Alligator

The word “alligator” comes from the early Spanish name “El Lagarto.” Meaning “The Lizard.”

Alligator are large reftiles related to the crocodile.  They resemble lizards in their shape.

The early Spanish explorers, mistaking the reptile for a large lizard called it “el lagarto,” meaning “the lizard.”  The name changed in time to our modern word “alligator.’

The American alligator lives in the swamps, rivers and lakes of the southeastern United States.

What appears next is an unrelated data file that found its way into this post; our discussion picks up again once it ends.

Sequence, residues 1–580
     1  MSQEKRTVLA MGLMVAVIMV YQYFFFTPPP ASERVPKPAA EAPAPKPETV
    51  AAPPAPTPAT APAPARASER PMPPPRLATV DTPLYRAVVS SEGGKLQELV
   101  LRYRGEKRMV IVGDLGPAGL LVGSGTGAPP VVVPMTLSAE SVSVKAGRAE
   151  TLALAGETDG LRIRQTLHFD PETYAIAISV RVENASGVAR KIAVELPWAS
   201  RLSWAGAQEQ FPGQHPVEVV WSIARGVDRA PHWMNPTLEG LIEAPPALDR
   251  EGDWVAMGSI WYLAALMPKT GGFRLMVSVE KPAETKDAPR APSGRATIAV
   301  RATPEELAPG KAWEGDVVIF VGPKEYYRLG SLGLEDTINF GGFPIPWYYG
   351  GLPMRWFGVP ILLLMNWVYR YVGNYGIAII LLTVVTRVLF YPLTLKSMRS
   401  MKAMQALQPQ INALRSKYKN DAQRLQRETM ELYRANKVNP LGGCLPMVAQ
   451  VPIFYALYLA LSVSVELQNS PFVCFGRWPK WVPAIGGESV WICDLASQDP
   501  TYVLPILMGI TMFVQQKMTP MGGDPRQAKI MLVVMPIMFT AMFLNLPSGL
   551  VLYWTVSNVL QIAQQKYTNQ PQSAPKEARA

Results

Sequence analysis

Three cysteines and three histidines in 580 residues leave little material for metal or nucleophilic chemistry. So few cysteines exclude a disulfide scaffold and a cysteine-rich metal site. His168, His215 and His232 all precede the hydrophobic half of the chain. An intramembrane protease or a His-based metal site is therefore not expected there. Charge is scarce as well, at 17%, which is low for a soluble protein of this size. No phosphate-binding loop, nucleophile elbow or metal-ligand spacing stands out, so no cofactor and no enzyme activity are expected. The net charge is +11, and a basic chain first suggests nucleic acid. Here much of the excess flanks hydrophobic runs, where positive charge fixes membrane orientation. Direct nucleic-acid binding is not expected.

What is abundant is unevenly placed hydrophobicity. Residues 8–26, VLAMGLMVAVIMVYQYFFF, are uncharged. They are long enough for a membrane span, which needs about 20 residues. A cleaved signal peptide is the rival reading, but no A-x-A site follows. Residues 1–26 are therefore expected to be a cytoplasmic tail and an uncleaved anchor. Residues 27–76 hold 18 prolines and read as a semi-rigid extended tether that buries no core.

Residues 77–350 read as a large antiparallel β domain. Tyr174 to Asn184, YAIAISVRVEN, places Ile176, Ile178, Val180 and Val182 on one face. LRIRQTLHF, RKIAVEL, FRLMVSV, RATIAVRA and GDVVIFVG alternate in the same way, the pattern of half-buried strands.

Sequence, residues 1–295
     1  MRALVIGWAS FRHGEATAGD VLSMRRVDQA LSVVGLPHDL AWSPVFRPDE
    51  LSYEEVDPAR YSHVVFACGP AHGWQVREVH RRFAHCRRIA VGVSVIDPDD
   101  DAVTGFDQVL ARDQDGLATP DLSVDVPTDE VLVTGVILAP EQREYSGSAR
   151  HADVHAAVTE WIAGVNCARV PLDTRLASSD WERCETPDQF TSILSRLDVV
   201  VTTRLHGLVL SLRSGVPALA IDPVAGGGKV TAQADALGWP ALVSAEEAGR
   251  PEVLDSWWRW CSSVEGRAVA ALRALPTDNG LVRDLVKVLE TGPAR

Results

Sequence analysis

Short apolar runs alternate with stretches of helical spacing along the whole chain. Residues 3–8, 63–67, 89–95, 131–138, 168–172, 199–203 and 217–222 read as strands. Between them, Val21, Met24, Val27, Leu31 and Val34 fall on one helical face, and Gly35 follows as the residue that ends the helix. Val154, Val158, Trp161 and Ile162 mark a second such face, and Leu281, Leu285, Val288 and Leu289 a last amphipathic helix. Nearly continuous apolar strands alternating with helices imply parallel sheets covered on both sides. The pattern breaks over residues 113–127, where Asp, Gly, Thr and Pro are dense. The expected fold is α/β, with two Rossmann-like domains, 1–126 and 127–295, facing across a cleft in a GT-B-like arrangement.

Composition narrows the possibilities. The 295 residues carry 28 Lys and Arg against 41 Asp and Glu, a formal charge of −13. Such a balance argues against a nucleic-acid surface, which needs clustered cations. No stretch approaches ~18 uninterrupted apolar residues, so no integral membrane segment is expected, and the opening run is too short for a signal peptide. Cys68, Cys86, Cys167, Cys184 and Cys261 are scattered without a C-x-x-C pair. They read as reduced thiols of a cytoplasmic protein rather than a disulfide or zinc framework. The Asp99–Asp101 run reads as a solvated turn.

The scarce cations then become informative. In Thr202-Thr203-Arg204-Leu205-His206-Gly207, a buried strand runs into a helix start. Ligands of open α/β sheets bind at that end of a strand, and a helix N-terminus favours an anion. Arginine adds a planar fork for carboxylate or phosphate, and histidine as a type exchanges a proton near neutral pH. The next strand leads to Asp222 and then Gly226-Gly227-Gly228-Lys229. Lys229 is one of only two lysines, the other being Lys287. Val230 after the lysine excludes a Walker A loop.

The great body, covered with an armor of thick, leathery scales, may grow to be 12 feet or longer and weigh more than 400 pounds.  The huge powerful tail serves to drive the animal through the water.

Alligators are meat eaters.  They eat fish, shakes and turtles, and any other small animal they can catch.  They will even attack dogs or deer that come to the water’s edge to drink.

But unless frightened, even the largest alligator will usually leave people alone. – Dick Rogers

 

About these ads